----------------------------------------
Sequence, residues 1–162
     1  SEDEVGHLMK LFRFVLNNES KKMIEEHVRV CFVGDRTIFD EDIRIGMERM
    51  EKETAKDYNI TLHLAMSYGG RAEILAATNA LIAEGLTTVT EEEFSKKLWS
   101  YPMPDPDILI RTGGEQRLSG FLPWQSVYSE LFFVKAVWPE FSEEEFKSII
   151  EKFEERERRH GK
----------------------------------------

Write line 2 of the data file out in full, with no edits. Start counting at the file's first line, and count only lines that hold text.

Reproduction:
     1  SEDEVGHLMK LFRFVLNNES KKMIEEHVRV CFVGDRTIFD EDIRIGMERM